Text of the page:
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social commentator, Thomas Frank, has published an insightful article in the February, 2011 issue of Harper's magazine assailing the members of what he describes as the privileges class in America failure to exhibit empathy and understanding for the plight of the working and middle class. In the article, entitled "Servile Disobedience," Frank states, "The rich are different from you and me (T. Frank). They are ruder and less generous. They don't get what others are thinking and apparently they don't really care." In offering these comments, Frank echoes the thoughts offered many years before by the writer and poet, Ralph Waldo Emerson. Emerson saw the United States as being infected with "selfishness, fraud and conspiracy (Emerson)."
Frank in his article laments that, "We need the rich to be nicer. We need the rich to discover brotherly love, and fast." He recognizes that among the rich there are a number who embrace philanthropy such as Andrew Carnegie and modern day individuals like Warren Buffett and Bill Gates but these men are the exemption and not the rule. In his day, Andrew Carnegie endorsed the estate tax that would have limited the amount that the rich could pass on to their heirs and, in modern times, Warren Buffet has been quoted many times supporting an increase in the taxes of the very wealthy (Frank). Both men promote an approach that must be endorsed if the concept of a properly functioning democratic society is to succeed.
Frank is quite harsh in his treatment of the elite class. He finds their behavior as being inexcusable and he views the present system of bailouts and tax relief for the elite class as being ineffective and patently unfair to the remainder of society. In addressing such concerns Frank states, "We let them build a system of bonuses and executive compensation on the theory that it would be good for everyone if the people on top got to take home much, much more. And when it turned out that the theory was wrong & #8230;we promptly bailed them out. We allowed them to step up to the Fed's discount window and fill their pockets. We generously transferred their dumb investments to our balance sheet and we sent them off with little more than a request that they please do not do it again."
If Emerson were alive today he would certainly be distressed by what is occurring. Emerson viewed democracy as an attempt by the public to keep the elite class responsible. He thought it important that the public exercise its power in order to keep the power of the economic elite in check. Emerson would have viewed the corporate bailouts and huge tax breaks as socially and politically inappropriate and counter-productive to the interests of society at large. Commenting on this situation Emerson stated that the American society was infected with "selfishness, fraud and conspiracy" and that it was regulated by a capitalist "system of selfishness…of distrust, of concealment, of superior keenness, not of giving but of taking advantage."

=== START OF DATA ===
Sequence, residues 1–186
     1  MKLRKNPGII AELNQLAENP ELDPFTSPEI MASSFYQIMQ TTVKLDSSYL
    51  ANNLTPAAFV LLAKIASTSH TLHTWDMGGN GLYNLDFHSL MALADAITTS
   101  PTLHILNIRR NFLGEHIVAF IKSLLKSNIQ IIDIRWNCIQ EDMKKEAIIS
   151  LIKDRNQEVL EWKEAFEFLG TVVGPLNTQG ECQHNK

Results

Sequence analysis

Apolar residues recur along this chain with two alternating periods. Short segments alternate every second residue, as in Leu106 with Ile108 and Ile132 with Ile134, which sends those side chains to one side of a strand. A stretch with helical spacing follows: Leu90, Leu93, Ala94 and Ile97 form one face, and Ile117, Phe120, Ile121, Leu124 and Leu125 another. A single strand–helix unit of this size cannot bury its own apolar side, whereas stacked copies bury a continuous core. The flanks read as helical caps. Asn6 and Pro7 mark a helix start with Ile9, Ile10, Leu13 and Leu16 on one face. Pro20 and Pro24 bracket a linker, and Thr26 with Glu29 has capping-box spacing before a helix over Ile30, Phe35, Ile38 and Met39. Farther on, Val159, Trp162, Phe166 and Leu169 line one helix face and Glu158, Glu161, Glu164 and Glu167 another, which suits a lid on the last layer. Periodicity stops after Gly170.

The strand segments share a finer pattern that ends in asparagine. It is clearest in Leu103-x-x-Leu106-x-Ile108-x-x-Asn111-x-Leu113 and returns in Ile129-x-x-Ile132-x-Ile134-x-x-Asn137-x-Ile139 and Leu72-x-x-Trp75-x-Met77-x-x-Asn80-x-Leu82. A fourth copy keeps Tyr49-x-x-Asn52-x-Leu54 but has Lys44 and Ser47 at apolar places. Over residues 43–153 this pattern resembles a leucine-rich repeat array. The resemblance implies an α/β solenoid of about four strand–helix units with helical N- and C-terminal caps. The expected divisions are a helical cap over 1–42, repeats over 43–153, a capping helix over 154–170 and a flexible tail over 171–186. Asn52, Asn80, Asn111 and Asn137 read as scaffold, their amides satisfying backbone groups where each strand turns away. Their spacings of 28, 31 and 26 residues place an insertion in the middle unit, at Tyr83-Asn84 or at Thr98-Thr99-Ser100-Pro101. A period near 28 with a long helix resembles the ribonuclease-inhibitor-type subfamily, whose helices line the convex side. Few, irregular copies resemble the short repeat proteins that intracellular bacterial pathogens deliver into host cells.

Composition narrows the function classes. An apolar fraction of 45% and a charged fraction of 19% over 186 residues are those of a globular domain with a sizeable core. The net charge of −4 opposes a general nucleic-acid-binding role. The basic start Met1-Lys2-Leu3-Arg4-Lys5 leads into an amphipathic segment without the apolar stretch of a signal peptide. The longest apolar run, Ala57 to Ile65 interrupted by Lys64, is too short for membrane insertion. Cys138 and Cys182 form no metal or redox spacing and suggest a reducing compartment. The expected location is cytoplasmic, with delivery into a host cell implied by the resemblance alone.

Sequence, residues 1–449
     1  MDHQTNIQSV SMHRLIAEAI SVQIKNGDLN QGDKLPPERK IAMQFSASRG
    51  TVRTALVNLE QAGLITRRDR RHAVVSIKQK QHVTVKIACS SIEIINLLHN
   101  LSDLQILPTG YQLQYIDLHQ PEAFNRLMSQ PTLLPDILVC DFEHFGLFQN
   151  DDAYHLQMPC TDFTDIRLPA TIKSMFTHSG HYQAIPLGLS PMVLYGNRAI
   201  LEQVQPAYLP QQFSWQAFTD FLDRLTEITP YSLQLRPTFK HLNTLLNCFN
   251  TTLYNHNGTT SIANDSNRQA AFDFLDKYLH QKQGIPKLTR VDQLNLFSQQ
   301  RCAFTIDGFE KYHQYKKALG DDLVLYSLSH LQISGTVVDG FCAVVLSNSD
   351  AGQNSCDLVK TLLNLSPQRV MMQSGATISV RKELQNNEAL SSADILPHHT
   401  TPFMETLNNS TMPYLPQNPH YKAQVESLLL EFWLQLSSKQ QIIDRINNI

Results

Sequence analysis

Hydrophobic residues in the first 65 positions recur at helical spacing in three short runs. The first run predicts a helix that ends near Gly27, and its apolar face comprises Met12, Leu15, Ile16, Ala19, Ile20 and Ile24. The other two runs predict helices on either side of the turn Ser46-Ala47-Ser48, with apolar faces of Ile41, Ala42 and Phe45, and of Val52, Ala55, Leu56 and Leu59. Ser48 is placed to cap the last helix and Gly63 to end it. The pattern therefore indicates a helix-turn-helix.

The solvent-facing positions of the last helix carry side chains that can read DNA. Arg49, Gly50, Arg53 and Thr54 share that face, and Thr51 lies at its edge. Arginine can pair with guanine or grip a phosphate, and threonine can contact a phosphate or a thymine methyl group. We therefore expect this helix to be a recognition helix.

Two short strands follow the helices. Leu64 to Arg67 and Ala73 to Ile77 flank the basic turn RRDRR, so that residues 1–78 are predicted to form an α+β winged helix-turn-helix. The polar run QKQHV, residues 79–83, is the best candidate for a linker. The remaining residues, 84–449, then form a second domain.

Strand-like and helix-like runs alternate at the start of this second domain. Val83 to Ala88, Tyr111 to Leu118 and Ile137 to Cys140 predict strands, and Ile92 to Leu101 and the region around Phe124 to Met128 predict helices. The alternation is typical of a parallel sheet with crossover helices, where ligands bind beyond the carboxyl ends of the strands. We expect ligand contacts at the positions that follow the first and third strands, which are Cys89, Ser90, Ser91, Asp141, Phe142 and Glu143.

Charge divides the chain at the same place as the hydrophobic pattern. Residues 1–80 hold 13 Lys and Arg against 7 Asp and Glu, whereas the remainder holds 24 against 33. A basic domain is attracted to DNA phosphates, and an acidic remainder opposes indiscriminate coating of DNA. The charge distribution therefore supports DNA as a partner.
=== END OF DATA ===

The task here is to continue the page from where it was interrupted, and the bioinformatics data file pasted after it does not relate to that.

The condition that Emerson warned about over two hundred years ago has come to fruition in America. A position strongly supported by Frank. The elite class in America has become detached from the other classes. In two separate studies, one in Psychological Science (Kraus) and the other in the Journal of Personality and Social Psychology (McCullough) the results found that higher status individuals tended to engage less frequently with others by looking at others when they are talking, laugh less, and use fewer gestures that would indicate a connection with others. Also, the studies found that lower class individuals turned out to display more prosocial virtues such as generosity, charity, and helpfulness. It is based on these studies that Frank argued that "the rich are different from you and me." Emerson warned against this occurring. He warned about the masses catering to the rich and glorifying them. He viewed such behavior as being undemocratic.
Emerson did not speak in terms of prosocial virtues but he did speak about the importance and application of altruism. An altruism that is badly needed in today's society. Altruism, or the concern for others, is a virtually universal value in all societies and it is an essential element in most of the…[continue]
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